The rainforests of Sarawak—a Malaysian state located along the northwestern coast of the island of Borneo, facing the South China Sea—host some of the most contested land in the world. They are home to dozens of indigenous groups, including the Iban, Kayan, and Penan, who traditionally made their living hunting and gathering, fishing, or slash-and-burn farming. By Malaysian law, each group owns the land it customarily uses, but in practice, the state often claims swaths of forest for its own, offering licenses to private companies to log or farm it.
In 1998, the government resettled around 10,000 indigenous forest-dwellers to make way for the state-sponsored Bakun Dam, but it never made good on promises of free housing and electricity, activists say. The three acres of farmland that families received as recompense doesn’t grow enough food to support them.
The government is inclined to look out for companies’ interests, not forest people’s, says Harrison Ngau, an indigenous land-rights lawyer based in the Sarawak city of Miri. “These companies are the ... financing the election campaigns of the ruling political parties,” he says in an email.
In response, indigenous groups have blockaded logging and plantation roads that run through their land. They’ve also filed hundreds of suits against companies and the government. Some of these cases have taken decades to resolve. In the meantime, timber harvesting and oil-palm plantations leave the forest degraded, unable to support the indigenous livelihoods it once did.
Women often suffer the most. Traditionally, the Iban people grew rice and raised pigs and chickens, for their own use; they didn’t rely much on cash. Both men and women could own land and its resources. Things changed for the Iban village of Kampong Lebor, however, beginning in the 1990s, when an oil-palm company began clearing and planting land around the village. Residents sued, winning back about 10,000 acres in a judgment rendered in 2012. Because the returned area was already planted with mature oil palms, the villagers began selling palm fruit and earning monthly incomes. By court order, the proceeds went to the “head of the household,” usually a man. In two generations, Kampong Lebor moved from sustenance farming to a cash economy, and found its egalitarian gender relations overturned. The forest now produces cash primarily for men.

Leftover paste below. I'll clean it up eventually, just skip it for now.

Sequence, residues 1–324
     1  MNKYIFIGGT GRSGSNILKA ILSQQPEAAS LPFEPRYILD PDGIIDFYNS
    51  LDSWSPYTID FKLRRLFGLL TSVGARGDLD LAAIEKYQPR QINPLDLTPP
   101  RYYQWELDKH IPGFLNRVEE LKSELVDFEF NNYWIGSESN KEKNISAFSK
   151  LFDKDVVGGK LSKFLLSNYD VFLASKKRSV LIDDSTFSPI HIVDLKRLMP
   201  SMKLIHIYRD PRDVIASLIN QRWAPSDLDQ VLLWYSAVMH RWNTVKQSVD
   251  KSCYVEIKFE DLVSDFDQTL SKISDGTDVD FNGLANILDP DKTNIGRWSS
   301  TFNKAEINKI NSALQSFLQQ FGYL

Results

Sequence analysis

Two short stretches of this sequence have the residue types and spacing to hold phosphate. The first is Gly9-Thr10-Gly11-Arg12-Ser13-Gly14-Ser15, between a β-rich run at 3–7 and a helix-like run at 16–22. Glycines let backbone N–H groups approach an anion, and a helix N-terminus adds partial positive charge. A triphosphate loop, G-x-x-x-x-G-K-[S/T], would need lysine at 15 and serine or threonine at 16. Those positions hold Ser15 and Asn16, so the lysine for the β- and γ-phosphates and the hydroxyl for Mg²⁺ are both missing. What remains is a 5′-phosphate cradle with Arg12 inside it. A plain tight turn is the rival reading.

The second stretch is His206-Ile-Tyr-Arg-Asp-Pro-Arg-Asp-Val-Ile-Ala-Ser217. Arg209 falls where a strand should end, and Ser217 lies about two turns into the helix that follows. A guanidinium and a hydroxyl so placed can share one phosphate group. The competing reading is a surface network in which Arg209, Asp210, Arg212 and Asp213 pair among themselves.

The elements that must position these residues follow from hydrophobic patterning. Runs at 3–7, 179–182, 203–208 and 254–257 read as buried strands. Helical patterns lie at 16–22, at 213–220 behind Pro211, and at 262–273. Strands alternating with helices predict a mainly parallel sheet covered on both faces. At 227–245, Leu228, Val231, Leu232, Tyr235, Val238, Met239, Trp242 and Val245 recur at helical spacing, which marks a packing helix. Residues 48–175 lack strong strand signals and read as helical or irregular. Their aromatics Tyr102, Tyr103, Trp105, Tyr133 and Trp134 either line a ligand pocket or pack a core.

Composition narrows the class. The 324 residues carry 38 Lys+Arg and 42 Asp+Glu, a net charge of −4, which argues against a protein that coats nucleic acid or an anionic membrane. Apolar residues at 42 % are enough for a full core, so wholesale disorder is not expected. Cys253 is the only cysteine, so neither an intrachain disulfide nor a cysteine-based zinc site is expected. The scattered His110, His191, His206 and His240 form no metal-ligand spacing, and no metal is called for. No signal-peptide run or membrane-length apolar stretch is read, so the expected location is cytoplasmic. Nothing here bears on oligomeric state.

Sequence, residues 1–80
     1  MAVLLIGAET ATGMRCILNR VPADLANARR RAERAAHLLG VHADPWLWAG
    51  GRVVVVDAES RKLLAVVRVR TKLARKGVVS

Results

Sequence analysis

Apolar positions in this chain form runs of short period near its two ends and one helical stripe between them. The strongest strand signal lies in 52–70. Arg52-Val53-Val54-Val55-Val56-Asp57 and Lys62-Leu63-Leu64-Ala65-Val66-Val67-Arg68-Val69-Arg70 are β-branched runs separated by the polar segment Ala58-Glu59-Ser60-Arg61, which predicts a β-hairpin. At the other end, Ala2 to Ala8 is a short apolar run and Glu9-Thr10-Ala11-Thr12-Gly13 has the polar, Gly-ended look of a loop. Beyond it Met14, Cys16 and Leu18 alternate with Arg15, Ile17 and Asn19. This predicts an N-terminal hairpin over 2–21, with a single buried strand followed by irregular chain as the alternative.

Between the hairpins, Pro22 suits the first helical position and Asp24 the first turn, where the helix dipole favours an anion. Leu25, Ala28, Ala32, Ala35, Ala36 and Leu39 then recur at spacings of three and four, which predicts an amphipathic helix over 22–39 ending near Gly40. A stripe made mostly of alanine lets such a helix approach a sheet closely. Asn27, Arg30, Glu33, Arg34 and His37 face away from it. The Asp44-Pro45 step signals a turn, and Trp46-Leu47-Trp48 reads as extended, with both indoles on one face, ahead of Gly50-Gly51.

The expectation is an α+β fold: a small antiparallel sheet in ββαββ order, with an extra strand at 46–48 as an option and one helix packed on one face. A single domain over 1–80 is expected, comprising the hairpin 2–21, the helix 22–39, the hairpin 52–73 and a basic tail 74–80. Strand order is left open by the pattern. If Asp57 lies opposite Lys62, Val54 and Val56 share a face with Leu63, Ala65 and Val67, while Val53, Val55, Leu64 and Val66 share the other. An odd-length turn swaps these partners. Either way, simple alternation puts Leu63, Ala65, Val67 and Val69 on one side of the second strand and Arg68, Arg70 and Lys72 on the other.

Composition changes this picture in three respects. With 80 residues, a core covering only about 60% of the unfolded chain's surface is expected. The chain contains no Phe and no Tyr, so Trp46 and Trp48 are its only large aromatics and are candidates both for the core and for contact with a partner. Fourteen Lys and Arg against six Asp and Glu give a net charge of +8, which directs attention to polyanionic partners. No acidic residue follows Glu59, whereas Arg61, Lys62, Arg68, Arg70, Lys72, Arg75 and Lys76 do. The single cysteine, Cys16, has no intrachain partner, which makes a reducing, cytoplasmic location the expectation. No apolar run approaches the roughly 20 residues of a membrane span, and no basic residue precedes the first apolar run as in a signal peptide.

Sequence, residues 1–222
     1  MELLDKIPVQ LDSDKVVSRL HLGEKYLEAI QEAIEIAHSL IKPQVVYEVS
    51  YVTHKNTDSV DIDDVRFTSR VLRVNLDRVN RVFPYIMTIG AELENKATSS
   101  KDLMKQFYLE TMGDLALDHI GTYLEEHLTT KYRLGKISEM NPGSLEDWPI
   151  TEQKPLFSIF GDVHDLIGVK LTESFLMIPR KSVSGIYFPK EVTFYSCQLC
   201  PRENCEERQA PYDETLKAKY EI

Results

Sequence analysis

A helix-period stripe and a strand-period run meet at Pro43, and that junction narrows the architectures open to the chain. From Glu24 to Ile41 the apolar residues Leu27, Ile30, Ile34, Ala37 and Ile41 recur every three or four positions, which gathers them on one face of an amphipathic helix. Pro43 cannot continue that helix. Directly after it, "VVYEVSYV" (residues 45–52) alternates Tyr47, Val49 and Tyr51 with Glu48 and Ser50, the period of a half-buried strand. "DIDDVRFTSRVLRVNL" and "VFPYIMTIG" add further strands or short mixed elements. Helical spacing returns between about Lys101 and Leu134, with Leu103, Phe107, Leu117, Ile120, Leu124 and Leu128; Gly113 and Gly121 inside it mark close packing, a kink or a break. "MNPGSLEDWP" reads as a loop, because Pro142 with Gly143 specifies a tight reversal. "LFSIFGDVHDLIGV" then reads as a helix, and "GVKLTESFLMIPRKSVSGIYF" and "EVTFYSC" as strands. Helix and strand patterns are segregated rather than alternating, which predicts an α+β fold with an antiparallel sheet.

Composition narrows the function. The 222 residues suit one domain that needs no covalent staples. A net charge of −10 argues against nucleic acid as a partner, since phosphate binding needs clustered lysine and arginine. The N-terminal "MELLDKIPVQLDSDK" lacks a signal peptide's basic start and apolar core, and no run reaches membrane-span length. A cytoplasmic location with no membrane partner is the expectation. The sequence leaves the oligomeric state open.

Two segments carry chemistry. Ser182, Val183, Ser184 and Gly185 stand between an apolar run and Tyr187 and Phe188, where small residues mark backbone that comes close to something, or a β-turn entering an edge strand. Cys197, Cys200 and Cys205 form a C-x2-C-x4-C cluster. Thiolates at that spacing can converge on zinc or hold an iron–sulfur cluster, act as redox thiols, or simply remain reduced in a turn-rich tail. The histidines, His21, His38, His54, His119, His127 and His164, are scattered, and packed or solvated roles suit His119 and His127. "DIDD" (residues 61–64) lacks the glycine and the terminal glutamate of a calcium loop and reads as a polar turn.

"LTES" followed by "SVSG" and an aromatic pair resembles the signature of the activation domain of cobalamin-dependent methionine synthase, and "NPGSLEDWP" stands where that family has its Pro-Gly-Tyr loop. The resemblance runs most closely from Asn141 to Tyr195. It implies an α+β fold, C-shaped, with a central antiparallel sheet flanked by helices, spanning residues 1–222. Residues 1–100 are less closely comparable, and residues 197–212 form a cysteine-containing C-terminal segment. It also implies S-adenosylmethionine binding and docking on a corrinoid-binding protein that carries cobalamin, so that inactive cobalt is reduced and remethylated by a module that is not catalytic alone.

Women from various Sarawak groups traditionally harvested rattan palms, processed them, and wove them into baskets and mats. But logging and monocrop plantings have made important native species harder to find. Now, they must buy and use plastic instead. Such material changes can have serious consequences. “If [groups] are able to continue to use and relate to their most prominent and culturally significant species, they will be better equipped to retain their cultural identity,” University of Victoria ethnobotanists Ann Garibaldi and Nancy Turner wrote in the journal Ecology and Societyethnobotanists Ann Garibaldi and Nancy Turner wrote in 2004. “Conversely, losing access to such species, or moving away from the knowledge about them, can foreshadow or symbolize a more drastic loss of language and culture.”
For centuries, many Sarawak forest-dwellers lived in longhouses, wooden structures hundreds of feet in length where dozens of families lived together. Longhouses act as social and political units, and often the longhouse communities are the groups that bring land-rights cases to court, or plan blockades. Many of the houses are now partially abandoned, or serve as home only on weekends away from urban jobs.
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